Lost USB keys back in the spotlight in Privacy Commission report

Filed Under: Data loss, Featured, Malware, Privacy

In late 2011, we published our analysis of a bunch of USB keys we'd bought at a lost property auction.

We took $400 (about £260) to a public transport utility's annual auction and came home with 57 USB keys containing 4400 files.

We didn't find any Wikileaks-type information - there were no criminal plots, no rush orders for F-35 strike fighters, and no intelligence data from the diplomatic community.

But we did get several surprises, which we wrote about at the time:

* 66% of the keys had one or more malware infections.
* Many of the keys contained personal and work-related files.
* Not a single one of the 4400 files was encrypted.

Our report quickly put the data protection cat amongst the pigeons, with two sides emerging in the debate.

The Government Should Do Something About It camp castigated the transport operator (Railcorp New South Wales) for selling the keys in the first place. As @KineticPearl commented on Naked Security:

What I find interesting is that [RailCorp] are not wiping the keys prior to sale. In this case it made for a good story, but a better one would be that you found absolutely nothing at all due to the diligence of the authority. I feel that the seller should be responsible for preventing data leaking, even if it is not directly their data, after all they are profiting from selling the device.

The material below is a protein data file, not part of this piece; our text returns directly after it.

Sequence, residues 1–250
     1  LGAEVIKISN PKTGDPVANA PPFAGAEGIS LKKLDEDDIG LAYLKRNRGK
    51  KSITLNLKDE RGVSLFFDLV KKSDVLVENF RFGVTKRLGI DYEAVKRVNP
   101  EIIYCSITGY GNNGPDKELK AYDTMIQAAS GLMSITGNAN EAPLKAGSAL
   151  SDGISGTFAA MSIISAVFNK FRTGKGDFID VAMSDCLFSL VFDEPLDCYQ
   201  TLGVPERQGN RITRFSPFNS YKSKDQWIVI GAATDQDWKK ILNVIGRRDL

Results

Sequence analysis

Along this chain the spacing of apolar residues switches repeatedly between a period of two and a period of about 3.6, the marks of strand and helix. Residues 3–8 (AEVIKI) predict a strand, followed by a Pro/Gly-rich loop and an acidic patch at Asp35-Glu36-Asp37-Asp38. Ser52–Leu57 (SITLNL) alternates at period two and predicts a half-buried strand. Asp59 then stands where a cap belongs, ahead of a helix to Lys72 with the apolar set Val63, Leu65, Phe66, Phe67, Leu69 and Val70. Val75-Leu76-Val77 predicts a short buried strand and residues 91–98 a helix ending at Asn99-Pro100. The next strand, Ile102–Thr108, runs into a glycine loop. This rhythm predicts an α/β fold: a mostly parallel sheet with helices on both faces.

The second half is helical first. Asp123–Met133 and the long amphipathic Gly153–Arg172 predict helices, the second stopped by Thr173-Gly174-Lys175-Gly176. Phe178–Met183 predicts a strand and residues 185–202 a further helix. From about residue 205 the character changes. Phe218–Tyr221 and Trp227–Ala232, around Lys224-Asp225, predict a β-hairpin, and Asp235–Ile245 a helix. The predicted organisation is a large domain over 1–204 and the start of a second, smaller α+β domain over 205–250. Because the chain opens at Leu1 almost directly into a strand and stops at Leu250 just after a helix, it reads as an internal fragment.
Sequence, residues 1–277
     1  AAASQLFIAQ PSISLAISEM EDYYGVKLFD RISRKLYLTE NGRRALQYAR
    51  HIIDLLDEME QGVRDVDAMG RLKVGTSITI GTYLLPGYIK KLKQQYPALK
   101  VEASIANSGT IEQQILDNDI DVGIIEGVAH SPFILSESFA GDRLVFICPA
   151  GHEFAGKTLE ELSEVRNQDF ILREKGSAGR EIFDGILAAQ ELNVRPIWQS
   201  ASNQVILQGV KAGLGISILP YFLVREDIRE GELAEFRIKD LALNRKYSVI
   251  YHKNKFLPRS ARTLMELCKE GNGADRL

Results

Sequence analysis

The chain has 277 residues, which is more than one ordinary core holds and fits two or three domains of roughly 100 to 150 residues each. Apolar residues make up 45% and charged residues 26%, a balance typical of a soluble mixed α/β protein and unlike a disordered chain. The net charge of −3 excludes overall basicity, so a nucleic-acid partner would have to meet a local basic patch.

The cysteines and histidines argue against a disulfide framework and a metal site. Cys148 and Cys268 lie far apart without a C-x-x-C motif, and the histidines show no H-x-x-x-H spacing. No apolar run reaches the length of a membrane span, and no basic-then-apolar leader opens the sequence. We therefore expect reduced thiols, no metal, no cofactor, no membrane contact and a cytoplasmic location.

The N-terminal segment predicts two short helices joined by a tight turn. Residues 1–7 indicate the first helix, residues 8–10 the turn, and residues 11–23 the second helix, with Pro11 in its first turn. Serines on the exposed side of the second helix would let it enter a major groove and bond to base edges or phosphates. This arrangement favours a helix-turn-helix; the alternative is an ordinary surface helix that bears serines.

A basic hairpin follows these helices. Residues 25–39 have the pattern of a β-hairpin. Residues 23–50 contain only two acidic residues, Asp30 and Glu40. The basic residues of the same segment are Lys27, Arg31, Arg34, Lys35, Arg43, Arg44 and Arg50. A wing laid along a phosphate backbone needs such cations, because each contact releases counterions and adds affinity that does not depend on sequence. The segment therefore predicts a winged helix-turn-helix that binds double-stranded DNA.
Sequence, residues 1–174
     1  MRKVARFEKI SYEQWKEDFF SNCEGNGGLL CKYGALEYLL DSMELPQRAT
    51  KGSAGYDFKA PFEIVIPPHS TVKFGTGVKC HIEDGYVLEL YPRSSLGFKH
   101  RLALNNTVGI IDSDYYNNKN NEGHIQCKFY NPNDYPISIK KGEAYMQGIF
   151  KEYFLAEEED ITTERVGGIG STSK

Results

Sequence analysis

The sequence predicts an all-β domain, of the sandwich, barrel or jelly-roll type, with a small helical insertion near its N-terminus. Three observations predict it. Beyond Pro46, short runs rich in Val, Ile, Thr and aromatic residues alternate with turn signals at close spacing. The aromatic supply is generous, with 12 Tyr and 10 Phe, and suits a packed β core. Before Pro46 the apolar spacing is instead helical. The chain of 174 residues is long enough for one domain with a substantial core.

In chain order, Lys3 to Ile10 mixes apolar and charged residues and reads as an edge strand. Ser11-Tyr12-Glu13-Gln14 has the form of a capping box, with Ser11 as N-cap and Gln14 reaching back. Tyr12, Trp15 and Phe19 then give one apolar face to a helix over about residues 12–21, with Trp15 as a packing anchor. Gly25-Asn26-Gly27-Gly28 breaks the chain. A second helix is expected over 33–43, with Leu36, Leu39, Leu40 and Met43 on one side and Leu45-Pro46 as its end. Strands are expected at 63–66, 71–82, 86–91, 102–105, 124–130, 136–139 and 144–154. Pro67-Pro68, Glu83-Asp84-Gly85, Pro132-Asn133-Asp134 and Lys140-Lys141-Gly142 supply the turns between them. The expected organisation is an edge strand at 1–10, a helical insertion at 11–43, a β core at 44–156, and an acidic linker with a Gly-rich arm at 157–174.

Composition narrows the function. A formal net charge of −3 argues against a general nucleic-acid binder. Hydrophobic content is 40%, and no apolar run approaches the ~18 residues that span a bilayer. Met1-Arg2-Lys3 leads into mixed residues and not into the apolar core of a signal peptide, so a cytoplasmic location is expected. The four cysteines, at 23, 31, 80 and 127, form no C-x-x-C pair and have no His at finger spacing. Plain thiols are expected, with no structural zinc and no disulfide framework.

Even though I'm a strong advocate for privacy (and a staunch believer that opt-out simply isn't good enough), I ended up in the Government Isn't There To Nanny-State You camp, and argued the opposite:

I have thought long and hard about this. I don't think that RailCorp should be obliged to wipe the data, in much the same way that I don't think that ISPs should be obliged to watch your internet traffic and block pirated stuff. It's not data which RailCorp collected for its own use, after all

Unsurprisingly, the debate quickly drew in the New South Wales Office of the Privacy Commissioner, the body which oversees how personal information is held and used by the State's government and public service.

We were delighted to get involved in the Privacy Commissioner's investigation, and had some fun at SophosLabs showing the investigation team how we automated the retrieval, recovery and reporting of the data on the keys we bought.

In particular, we were able to show that the recovery process, though lengthy (USB keys tend to be quite slow, and we loaded and stored every byte from 50 of the keys), could be completely automated, apart from the insertion and removal of each key in turn.

Cleaners, for example, could acquire USB data dumps whilst working their way through an office building overnight - without attracting attention by losing time on their regular job.

We were also able to recover files from two apparently-wiped test devices brought in by the investigation team. Even USB keys that most people would consider safely blanked out and suitable for re-use may still contain critical information.

The Privacy Commissioner's report has recently been published.